Those of us with a poor sense of smell can always use our ears with the “is it humming yet?” test.
So farewell, David Crosby, icon of the 1960s and founder of The Byrds and Crosby, Stills & Nash. He's a reminder that the Sixties was not all about The Beatles and the Rolling Stones. That magical time gave birth to a vast range of musical styles and, on the folk fringe, some astounding performers. None was more impressive than CS&N. To have been a teenager in love in 1969 with Marrakesh Express belting out of your stereo was to have been greatly blessed. “Bliss it was in that dawn to be alive. But to be young was very heaven,” as David Crosby would have written if someone else hadn't beaten him to it.
And well done, Auntie Beeb, on hearing of Crosby's death, for juggling the BBC4 schedules for a 30-minute concert with David Crosby and Graham Nash. Perfection undimmed by time.
Spookiest thing on the radio recently came on the religion programme Sunday (Radio 4) featuring an Artificial Intelligence (AI) program which can write sermons. The result was an inoffensive stringing-together of platitudes which, though mocked by the studio guests, was probably as good as the average sermon preached by the average vicar to the average bored congregation.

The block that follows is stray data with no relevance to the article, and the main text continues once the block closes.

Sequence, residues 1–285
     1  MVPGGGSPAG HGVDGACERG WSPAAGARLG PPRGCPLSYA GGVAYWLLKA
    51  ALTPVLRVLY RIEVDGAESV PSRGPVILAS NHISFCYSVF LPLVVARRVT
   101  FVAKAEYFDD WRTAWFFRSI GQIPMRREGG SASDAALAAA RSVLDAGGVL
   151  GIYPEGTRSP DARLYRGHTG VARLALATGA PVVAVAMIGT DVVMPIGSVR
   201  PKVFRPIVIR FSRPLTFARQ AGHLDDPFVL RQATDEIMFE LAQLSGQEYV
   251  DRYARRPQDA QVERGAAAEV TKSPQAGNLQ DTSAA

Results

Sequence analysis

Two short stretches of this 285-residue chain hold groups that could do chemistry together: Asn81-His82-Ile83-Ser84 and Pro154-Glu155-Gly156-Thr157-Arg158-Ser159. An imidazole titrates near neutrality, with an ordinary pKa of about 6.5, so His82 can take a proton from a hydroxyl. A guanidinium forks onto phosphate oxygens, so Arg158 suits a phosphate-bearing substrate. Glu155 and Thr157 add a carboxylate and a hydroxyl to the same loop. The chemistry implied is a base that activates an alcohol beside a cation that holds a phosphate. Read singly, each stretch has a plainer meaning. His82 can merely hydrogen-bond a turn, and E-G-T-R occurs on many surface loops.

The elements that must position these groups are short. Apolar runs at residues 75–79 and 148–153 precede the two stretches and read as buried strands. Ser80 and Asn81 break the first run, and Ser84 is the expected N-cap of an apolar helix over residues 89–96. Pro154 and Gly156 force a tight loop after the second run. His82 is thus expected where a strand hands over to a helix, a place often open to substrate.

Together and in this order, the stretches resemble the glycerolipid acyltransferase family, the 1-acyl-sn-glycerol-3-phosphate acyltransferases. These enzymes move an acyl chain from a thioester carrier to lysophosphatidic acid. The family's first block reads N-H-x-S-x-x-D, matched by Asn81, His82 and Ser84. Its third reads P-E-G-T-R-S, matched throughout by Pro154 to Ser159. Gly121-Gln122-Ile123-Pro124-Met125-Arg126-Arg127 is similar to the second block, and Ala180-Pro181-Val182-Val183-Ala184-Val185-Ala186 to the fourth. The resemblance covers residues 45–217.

The question is, what comes next? Technology advances with dizzying speed. How long before AI states its case for a seat on the General Synod. How far in the future is the first AI Archbishop of Canterbury?
Time alone will tell whether the former Chancellor and chairman of the Tory Party Nadhim Zahawi has been entirely straight in all his financial affairs. One thing is certain. If a 55-year-old multi-millionaire politician wants to look dead dodgy, he can choose no finer outfit than a pulled-down baseball cap and trainers, as Zahawi chose for a much-filmed stroll around London. Dressing like that at his age may not be a criminal offence but it certainly ought to be.